The idea that death gives meaning to life is widespread but does not reflect careful reasoning, and is often a desperate rationalization of human mortality. As a consequence, life extensionists have not been at great pains to defeat “pro-death” arguments. A (secular) philosophical position that is harder to refute is that we should not fear death because we cannot experience it. This is the classical argument of the ancient Greek philosopher Epicurus (341-270 B.C.):
Accustom yourself to believe that death is nothing to us, for good and evil imply awareness, and death is the privation of all awareness; therefore a right understanding that death is nothing to us makes the mortality of life enjoyable, not by adding to life an unlimited time, but by taking away the yearning after immortality. For life has no terror; for those who thoroughly apprehend that there are no terrors for them in ceasing to live. Foolish, therefore, is the person who says that he fears death, not because it will pain when it comes, but because it pains in the prospect. Whatever causes no annoyance when it is present, causes only a groundless pain in the expectation. Death, therefore, the most awful of evils, is nothing to us, seeing that, when we are, death is not come, and, when death is come, we are not. It is nothing, then, either to the living or to the dead, for with the living it is not and the dead exist no longer.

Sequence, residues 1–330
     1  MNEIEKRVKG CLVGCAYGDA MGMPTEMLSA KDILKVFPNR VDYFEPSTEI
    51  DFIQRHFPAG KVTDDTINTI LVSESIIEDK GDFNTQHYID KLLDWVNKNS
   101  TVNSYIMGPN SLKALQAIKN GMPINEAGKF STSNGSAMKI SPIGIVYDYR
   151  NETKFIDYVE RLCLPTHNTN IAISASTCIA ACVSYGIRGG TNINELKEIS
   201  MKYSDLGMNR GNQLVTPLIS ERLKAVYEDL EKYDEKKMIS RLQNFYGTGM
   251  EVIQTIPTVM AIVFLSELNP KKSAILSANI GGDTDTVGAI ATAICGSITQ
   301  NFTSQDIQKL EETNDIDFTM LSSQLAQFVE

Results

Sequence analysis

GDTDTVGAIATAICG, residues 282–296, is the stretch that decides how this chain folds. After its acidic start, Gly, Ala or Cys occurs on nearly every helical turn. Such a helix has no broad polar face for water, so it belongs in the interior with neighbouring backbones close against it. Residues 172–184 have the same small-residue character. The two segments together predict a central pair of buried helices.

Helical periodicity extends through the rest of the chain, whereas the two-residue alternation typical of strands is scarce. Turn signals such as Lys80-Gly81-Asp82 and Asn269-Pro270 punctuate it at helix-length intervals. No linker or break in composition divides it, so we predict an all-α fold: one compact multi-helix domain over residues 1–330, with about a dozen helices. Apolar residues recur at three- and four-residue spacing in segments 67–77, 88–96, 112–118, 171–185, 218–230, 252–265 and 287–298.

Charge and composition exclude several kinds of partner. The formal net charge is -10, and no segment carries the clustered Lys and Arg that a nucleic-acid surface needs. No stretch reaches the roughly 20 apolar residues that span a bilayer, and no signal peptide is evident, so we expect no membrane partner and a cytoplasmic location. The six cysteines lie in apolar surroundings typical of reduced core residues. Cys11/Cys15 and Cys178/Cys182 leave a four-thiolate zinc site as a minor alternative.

Many philosophers have felt uncomfortable with such reasoning and have gone out of their way to refute it. This should not be surprising since humans are “hardwired” for survival. An outlook on death that seems strongly at odds with our evolved survival instinct is bound to be challenged. Epicurus’ position on death has further been challenged as nihilistic. For example, if death is not bad because it cannot be experienced by the person himself, on what moral grounds should we refrain from killing a person, provided the method is instantaneous and the individual in question is not known by others who can mourn his death?
In the collection “The Metaphysics of Death,” many contributors feel pressed, sometimes venturing into fairly obscure arguments, to refute the Epicurean position. But as Stephen Rosenbaum points out in his contribution “Epicurus and Annihilation,” the position of Epicurus on death is often misunderstood. Epicurus did not argue that we should not fear the process of dying or the prospect of dying.
One can prefer life over death without committing to the view that death is bad for a person. Although our survival instinct usually prevents us from looking at it in such a way, in real life we have an ongoing “choice” between life or death. Although death cannot be experienced as being bad, we generally have good reason to prefer life over death, provided life is experienced as positive or has the potential to become positive. Although life extensionists would prefer to have stronger arguments against the Epicurean view on death, a preference for good experience over no experience can do the work just fine.